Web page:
The English word “person” has a long and convoluted history. Though the word itself likely derives from the Latin, persona, referring to the masks worn in theatre, its meaning has evolved over time. One of the biggest conceptual overhauls came in the 4th century AD during a church council that was held to investigate the concept of person as it related to the Trinity. Whereas the Greek fathers defined the Trinity as three hypostases, roughly translated as “substances” or “essences,” the Latin fathers saw them as one hypostasis that could be distinguished by the concept of persona. Because both the Roman Church and the Greek Church viewed each other as orthodox, they brushed off the difference of terms as semantics. Over time, this resulted in a conceptual conflation of the terms, effectively leading to persona encapsulating the notion of both the “role” one plays and one’s “essence” or “character” .
Savage Minds welcomes guest blogger Coltan Scrivner for the month of January. Coltan will be writing a series of posts on personhood from different disciplinary perspectives.
When I moved to Chicago for graduate school, one of the first things I did was go to the Lincoln Park Zoo. Just like with other zoos I’ve been to, I was most eager to visit the Great Ape exhibit. As always, after sitting and watching the chimpanzees for some time, I inevitably start to feel a bit guilty. There’s something about the chimps, with their eerily human-like behavior, that makes it feel wrong to be watching them in an enclosure.
You can get at the familiarity from a biological perspective by rattling off scientific facts like “they share 99% of our protein-coding genes,” or “our lineages split just 5-7 million years ago.” As a biological anthropologist, I am prone to do so. These things are often invoked to shed light on similarities between Homo sapiens and Pan troglodytes. Between species. Yet, even to someone who knows nothing of biology, there is still something about chimpanzees that rings familiar. Something about the way they behave, about the way they interact with other chimpanzees and their environment. You don’t need the biology or the genetics to begin to wonder if perhaps they should be considered as something more than animal. It’s clear they aren’t humans, but could they be individuals? Can a chimpanzee possess an understanding of a self, be a someone as opposed to a something; can they be “persons?” Continue reading
One of the questions we asked in our survey of post-adjuncting anthropologists who are now gainfully employed was ‘what steps did you take to make yourself a desirable job candidate?’ Overwhelmingly, respondents identified publishing as the key thing they did in order to land a tenure track job. Among other common responses were networking (especially in the form of attending more than one conference each year), and being willing to move to an ‘undesirable’ location (which is pretty subjective). For those who ended up being employed in a non-academic job, acquiring new skills was the most important thing respondents identified. And this was the case for some who landed in academic jobs as well – which isn’t something that we often talk about, but, it seems, many people do.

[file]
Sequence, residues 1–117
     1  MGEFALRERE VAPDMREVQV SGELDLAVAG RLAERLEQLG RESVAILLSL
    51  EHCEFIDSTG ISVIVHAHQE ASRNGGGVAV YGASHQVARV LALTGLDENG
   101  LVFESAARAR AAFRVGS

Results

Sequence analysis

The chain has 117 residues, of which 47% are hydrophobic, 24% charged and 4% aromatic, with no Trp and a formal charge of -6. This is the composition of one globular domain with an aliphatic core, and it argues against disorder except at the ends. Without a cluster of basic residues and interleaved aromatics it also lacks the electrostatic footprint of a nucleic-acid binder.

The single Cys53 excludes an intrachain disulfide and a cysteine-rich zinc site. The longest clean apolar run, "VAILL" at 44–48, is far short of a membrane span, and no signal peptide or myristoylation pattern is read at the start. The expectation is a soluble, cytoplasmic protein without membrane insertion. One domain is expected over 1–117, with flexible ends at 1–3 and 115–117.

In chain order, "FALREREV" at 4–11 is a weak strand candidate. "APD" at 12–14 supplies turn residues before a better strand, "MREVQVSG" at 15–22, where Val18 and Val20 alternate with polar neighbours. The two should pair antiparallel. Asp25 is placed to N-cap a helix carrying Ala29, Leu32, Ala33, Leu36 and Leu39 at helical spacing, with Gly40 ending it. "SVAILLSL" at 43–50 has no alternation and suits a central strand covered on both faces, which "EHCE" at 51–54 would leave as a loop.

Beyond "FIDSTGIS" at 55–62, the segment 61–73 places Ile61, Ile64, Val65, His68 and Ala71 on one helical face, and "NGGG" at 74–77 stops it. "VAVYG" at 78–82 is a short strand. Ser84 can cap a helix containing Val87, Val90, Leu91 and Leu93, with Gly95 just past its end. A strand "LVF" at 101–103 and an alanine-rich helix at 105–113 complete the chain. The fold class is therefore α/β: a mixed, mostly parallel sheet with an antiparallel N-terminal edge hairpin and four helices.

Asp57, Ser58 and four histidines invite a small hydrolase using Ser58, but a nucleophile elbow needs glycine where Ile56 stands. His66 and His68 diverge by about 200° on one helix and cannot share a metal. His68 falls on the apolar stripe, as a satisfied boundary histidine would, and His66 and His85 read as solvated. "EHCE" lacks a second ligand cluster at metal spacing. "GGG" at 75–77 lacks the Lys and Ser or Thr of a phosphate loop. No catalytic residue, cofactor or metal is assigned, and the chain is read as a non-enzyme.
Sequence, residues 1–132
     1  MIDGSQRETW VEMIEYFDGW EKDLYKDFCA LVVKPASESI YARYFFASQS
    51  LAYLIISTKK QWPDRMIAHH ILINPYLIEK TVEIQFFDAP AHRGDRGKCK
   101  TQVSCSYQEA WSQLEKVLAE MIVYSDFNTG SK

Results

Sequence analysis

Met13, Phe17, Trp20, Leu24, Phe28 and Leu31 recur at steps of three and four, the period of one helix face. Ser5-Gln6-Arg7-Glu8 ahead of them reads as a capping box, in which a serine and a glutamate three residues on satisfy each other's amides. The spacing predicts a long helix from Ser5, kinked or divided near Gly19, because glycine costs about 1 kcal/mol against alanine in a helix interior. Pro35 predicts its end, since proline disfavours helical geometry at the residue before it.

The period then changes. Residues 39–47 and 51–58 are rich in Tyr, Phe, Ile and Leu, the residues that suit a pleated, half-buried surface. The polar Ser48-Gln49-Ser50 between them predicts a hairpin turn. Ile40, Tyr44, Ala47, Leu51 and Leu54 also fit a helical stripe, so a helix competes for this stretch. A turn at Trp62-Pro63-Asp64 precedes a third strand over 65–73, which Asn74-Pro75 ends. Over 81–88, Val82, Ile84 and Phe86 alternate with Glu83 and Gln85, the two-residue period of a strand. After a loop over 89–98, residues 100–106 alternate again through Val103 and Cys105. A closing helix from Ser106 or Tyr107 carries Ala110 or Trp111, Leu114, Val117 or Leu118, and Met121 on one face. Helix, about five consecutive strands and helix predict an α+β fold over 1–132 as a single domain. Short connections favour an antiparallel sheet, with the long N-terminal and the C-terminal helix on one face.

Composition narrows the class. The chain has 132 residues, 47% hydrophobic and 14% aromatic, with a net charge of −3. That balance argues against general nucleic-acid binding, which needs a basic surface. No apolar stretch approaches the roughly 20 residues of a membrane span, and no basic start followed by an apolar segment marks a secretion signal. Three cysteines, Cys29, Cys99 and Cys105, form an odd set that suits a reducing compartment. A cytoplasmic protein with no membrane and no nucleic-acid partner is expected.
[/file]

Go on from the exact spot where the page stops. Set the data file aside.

One of the responses I found most interesting was this one (which I’m excerpting a bit):
I’m currently TT in a Department of Sociology, Anthropology & Criminology–but I was hired via the Criminology portion. My ethnographic research was on police, and I was hired as part of a search for someone whose research focused on policing. I don’t know what steps I can say I took to make myself desirable–I feel pretty lucky. I didn’t have any real background in Crim, but my application caught the eye of the search committee just enough for them to imagine the creative possibilities of hiring an anthropologist to teach their policing classes.
UPDATE 2/9/13: A bit of a correction to the title here. I called this post “DeLong and the economists on Debt” but it should have been called “DeLong, the political scientist (Farrell), and the sociologist (Rossman) on Debt.” Apologies for that–I didn’t do my homework there. Thanks to Gabriel Rossman for pointing this out.
I was reading through some of the comments to Rex’s latest post about Jared Diamond, in which he ultimately argues that David Graeber’s Debt might be seen as the anti-Diamond (in terms of argument). Debt, Rex argues, is one of the few “big picture” books that have been written by an anthropologist since Wolf’s Europe and the People Without History, which was published more than 30 years ago (1982). Three decades is a pretty long time (and we anthros wonder why so few people seem to know what we do). Diamond gets a lot of attention from many anthropologists, in part, because he is writing exactly the kinds of books that we really do not produce anymore.